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Interview with Niki Lindroth von Bahr, Director, Writer, and Animator of Stop Motion Short Film "Bath House"

In art as in life, when in the thick of something – a chain of, at times, loosely connected actions and consequences – it can be easy to miss “the point.” It’s often only in retrospect – the moment when one can contemplate, assessing and reassessing an event, whether mundane or abnormal – when one can discover meaning and a “point” to events in life as in art. When in the thick of something, things often feel commonplace, moments of actual weight sporadic, chaotic, and adrift, lost in the moment. Niki Lindroth von Bahr’s Bath House – a 15-minutes-long short film – perfectly captures these feelings of disorder and inconsequential consequence in the midst of the mundane and seemingly aimless. This mood is further accentuated in the film by a disquieting lack of a soundtrack, using dialogue only sparingly which perfectly accompanies Bahr’s incredibly lifelike puppets and animation, together harmonizing and bringing to life moments and an atmosphere that are rarely (if ever) captured on …
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Interview with Katrina Hood, Prop and Set Maker on "Edith Piaf (Said It Better Than Me)"

The little details are the ones that so often go unnoticed by the eyes of a viewer. Yet it is in those very details that the very spirit of art and where the essence beauty are found. Details guide the mood of the viewer, making them to feel and see everything that a piece of art has to offer – in film they often take the shape of costumes and sets and lighting, in paintings and portraits and sculptures they are often the smallest variations of brushstroke and color. The truth of this claim can often be found when the minute details are omitted from a piece of art – when a painting is devoid of color, a portrait of differentiation of subject and light, in a film of detailed costumes and sets – all of which amount to an overwhelming feeling of an unfinished work, or, at the very least, a sense that something quintessentially lacking, whether overtly missing or intangible in nailing down exactly what’s missing. For the production of the music video for American pop band Spark’s song Ed…

Interview with Roos Mattaar, Animator, Puppet Engineer, and Set Maker on "Edith Piaf (Said It Better Than Me)"

After Joseph Wallace was entrusted with the job of making the music video for the band Sparks’ song “Edith Piaf (Said It Better Than Me)” – a song off their new album “Hippopotamus” – the first person he looked to for help in bringing the project to life was UK-based Roos Mattar, who was originally brought on to craft the puppets. However, once Wallace and Mattaar came to realize the ambitious scope of the project in the sheer workload it would take to give justice to the complexity of the video’s many shots and sets, they assembled a team of talented animators, set fabricators, and prop makers, such as Aiden Whittam, Katrina Hood, Heather Colbert, and Mary Murphy, who, together with Wallace and Mattaar, worked around the clock to finish the project within a transient schedule of six weeks.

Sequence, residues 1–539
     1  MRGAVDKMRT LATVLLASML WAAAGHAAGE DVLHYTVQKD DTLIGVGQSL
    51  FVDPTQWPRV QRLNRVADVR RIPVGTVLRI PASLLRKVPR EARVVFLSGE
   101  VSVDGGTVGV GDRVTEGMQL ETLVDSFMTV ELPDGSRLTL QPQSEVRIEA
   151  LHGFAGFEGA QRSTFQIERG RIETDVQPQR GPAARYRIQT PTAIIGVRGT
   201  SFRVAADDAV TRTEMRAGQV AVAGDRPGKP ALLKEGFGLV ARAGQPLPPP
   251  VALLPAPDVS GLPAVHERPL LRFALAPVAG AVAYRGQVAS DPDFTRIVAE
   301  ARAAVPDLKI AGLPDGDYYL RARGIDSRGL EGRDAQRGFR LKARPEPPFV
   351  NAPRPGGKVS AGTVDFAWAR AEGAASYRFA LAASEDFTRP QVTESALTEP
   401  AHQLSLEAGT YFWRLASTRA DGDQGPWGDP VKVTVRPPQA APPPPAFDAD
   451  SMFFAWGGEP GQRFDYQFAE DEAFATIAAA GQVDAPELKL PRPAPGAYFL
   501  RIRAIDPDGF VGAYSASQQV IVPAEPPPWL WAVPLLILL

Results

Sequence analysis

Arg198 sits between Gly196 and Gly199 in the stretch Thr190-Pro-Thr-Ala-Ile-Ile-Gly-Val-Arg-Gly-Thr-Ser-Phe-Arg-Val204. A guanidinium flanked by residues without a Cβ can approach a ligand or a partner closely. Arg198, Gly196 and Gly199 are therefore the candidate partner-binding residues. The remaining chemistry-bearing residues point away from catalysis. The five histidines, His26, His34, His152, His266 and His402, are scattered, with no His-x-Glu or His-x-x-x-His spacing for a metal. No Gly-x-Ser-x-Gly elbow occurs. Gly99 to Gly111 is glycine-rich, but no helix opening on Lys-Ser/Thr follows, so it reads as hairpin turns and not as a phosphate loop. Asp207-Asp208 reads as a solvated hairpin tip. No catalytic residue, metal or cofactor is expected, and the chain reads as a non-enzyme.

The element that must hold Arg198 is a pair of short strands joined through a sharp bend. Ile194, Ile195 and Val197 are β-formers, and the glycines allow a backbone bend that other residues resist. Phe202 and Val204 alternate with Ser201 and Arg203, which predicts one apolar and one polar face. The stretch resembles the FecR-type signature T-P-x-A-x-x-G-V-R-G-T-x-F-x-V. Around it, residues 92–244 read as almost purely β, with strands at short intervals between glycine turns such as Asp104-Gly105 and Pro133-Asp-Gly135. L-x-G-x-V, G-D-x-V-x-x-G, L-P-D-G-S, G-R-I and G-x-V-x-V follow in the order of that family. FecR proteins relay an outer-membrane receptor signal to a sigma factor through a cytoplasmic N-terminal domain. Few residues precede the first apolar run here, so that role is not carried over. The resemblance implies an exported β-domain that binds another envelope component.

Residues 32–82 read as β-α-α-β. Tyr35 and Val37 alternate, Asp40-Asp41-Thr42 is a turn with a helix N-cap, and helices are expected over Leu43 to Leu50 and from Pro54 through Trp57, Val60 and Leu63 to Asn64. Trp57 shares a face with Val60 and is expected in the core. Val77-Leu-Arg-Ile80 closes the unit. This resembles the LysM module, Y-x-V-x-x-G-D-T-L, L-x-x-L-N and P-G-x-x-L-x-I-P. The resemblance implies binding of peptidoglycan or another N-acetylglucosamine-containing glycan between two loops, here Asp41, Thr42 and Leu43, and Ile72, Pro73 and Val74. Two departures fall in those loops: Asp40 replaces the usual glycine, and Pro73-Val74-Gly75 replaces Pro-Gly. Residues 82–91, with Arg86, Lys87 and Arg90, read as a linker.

Edith Piaf (Said It Better Than Me), after premiering at the Paris International Animation Festival, went on to accrue an abundance of praise from individuals such as Aardman co-founder Peter Lord …

Interview with Aiden Whittam, Animator and Set Maker on "Edith Piaf (Said It Better Than Me)"

Bristol-based stop motion artisan Aiden Whittam, after recently graduating from the University of the West of Bristol, England, where he earned a Bachelors Degree in Animation, has hit the ground running in the industry, embarking on a few very exciting projects, one of which was Edith Piaf (Said It Better Than Me) – the music video for the band Spark’s hit song – on which he worked as both an animator and a set-maker.




Edith Piaf (Said It Better Than Me) – regarding which we published our first in a series of posts about the project last week, featuring our interview with the film’s director, Joseph Wallace – is nothing short of a treasure of the stop motion medium, having successively received a wealth of accolades and praises, perhaps the crown jewel of which coming from Sparks themselves, who hailed the video as, “Perhaps Sparks’ best video ever.”

Seated among his accrued stop motion work, Aiden has worked at Aardman on Nick Park’s upcoming caveman stop motion film, Early Man, wher…

Interview with Joseph Wallace, Director of Spark's "Edith Piaf (Said It Better Than Me)" Official Music Video

Neon feathers fly and a midnight chase ensues in a 1930s’ Paris imagined by BAFTA Cymru nominated director Joseph Wallace, traversing through streets, caf├ęs, and across rooftops sporting tilted chimneys and scaly shingles in the music video for legendary American pop-alternative band Sparks’ latest hit, “Edith Piaf (Said It Better Than Me),” praised by the band as, “Perhaps Sparks’ best video ever.”


The video is a gorgeous and somewhat psychedelic romp through the stylized 1930s’ Paris cityscape – “Piaf’s Paris,” as dubbed by Wallace – through which we follow stop motion versions of the Mael brothers, Ron and Russell, whom together comprise Sparks, as they follow a large, neon-colored bird – a sight that provides a stark contrast to the otherwise moody, muddy color palette of Wallace’s Paris, composing a beautiful and exciting ambiance of 3-and-a-half-plus minutes of pure cinematic bliss.

The world of the film was built primarily using cardboard, the backgrounds were painted panorama…